Watering Houseplants: How Often and How Much?

Written by: April Mall
Last Update: March 10, 2023
Tagged:Plant Care

Watering Houseplants: How Often and How Much?

Table of Contents

Houseplants are a wonderful way to bring nature into our homes. They can purify the air, improve our mood, and add a pop of beautiful color to any room.

However, if you're new to caring for your green friends, you might find yourself wondering how much to water houseplants, how often, and the best way to water them (hint: using tap water is not a good idea!).

In this Brown Thumb Therapy post, I'll help you learn how to water effectively, and explore some watering tips for indoor plants. That way, you will feel more confident in your plant care abilities (and maybe I'll even inspire you to add a hoya to your plant collection!)

Tip #1: Consider the Type of Plant, and its Water Needs

hoya kerrii in pots

The first step in watering houseplants is understanding their individual needs. Many houseplants will do well with water every 1 or 2 weeks, but don't treat all your plants equally.

Different types of plants depend on different watering schedules, so it's important to research your specific plant to determine how much to water it and how often.

The best way to start is to look at the plant's native climate. For example, succulents and cacti are native to dry climates, so they are plants that prefer to be watered infrequently and in small amounts. Others, like ferns and aroids, thrive in climates where it rains frequently, so they'll be moisture-loving plants.

Also, consider the age of your plant. Younger plants, propagations, and cuttings will need more frequent watering to help roots to grow. Established plants will not need as much care.

Researching your plant's specific watering needs will help you avoid over-watering or under-watering, which can be detrimental to the plant's health.

Tip #2: Let the Soil Dry

person watering houseplants in terra cotta pots

The best way to determine whether your plant needs water is by checking the moisture level of the soil (or other substrate - coco husk is our favorite). Don't be fooled if the soil is dry on top. Instead, stick your finger into the soil up to the second knuckle. If the soil feels dry at this depth, it's time to water the plant.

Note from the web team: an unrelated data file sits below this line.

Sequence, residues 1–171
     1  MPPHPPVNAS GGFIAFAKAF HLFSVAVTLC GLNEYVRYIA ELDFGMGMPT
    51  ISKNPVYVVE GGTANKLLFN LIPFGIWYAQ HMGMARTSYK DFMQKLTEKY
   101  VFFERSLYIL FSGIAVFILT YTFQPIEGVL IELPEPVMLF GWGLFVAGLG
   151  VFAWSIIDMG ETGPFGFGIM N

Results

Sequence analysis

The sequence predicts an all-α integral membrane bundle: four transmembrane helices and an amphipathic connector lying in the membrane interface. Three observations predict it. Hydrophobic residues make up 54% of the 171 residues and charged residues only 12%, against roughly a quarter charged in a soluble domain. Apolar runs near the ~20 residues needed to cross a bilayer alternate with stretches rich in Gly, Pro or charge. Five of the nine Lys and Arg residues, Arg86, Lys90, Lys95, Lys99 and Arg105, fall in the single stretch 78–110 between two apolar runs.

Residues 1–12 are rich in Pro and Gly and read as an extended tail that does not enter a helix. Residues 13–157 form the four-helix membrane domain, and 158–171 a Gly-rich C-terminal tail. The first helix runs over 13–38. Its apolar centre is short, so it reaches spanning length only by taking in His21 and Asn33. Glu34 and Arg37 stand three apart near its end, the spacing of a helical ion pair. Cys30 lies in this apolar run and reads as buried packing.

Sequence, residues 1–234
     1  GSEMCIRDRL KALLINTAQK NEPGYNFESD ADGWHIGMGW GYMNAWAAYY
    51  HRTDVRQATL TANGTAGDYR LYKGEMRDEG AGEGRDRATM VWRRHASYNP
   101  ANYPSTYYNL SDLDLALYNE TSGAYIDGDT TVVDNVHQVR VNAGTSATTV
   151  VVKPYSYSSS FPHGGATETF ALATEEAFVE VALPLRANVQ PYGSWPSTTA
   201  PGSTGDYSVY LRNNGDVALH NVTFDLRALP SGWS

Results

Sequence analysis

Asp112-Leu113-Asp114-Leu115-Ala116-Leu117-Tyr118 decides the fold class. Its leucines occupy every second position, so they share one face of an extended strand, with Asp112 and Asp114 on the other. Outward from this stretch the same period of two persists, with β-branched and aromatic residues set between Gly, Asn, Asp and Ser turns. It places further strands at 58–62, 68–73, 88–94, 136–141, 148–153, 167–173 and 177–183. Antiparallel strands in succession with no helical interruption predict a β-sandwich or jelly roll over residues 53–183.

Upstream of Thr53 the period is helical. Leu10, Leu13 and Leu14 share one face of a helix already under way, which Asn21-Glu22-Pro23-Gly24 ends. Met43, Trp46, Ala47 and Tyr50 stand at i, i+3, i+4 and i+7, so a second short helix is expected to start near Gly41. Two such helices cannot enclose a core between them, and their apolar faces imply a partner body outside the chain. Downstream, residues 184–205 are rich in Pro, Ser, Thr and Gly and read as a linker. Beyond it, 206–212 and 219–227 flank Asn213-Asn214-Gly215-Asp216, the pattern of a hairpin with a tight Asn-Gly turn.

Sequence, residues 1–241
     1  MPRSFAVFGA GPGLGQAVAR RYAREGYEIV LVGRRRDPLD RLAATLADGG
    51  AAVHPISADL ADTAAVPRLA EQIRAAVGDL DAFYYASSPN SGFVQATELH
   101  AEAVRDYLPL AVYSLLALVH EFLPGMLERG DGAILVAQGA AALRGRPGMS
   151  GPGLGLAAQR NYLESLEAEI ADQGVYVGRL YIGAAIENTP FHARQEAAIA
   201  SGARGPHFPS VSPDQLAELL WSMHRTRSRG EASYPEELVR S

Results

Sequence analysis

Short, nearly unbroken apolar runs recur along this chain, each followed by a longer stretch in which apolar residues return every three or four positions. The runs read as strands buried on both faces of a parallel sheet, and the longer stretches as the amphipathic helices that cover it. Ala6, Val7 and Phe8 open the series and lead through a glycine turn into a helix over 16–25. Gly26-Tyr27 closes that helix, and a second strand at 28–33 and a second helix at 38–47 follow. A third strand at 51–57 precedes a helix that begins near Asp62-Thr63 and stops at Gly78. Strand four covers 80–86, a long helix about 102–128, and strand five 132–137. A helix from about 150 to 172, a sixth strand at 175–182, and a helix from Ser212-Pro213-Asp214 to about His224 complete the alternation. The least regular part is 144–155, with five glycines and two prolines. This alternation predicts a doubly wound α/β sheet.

If you feel wet soil, you don't need to water just yet; wait a few more days before checking again. Plants like moisture, but too much can lead to fungal infections, rotting roots systems, and other plant diseases, so it's better to err on the side of underwatering than overwatering.

PRO TIP: Container plants can have different needs, depending on the type of pot they are placed in. Terra cotta pots, for example, are highly porous and will draw water away from soil more quickly, which can affect how often your waterings take place. Make sure your pots have at least one drainage hole, with a saucer underneath, to protect your furniture in case of over-watering.

Tip #3: Water Deeply

woman watering hanging plants in a bright room

When it's time to water your plant, make sure to water it thoroughly, so that moisture can reach the roots at every point, without excess water logging the soil (or other substrate). If you only wait for the soil surface to get moist, you might risk underwatering your plant.

Water the plant until the water runs out the bottom of the pot. This helps prevent salt buildup in the soil. Let the soil drain until there is no more dripping, and then place the saucer back underneath the pot.

Plants also like bottom watering, which is a process where you place pots in a tray or bowl filled with water, and let it absorb from the base of the plant. Don't leave your plants for more than 30 minutes, and let the water drain thoroughly before putting pots back in their homes.

If your plant is in a pot without drainage holes, we suggest replacing it (or, place the plant in a plastic pot with a drainage hole, and use the other pot as a cover). If you can't replace or repot, be sure to water it with care. Roots don't like to sit in water most of the time, so try to avoid water buildup and root rot.

Tip #4: Water Plants According to the Environment

woman watering plants on a windowsill during an overcast day

The environment in which your plant lives can also affect its watering needs. If your plant is in a window that gets a lot of direct sun exposure or in a room with low humidity, it may need to be watered more frequently than a plant in a cooler, more humid room.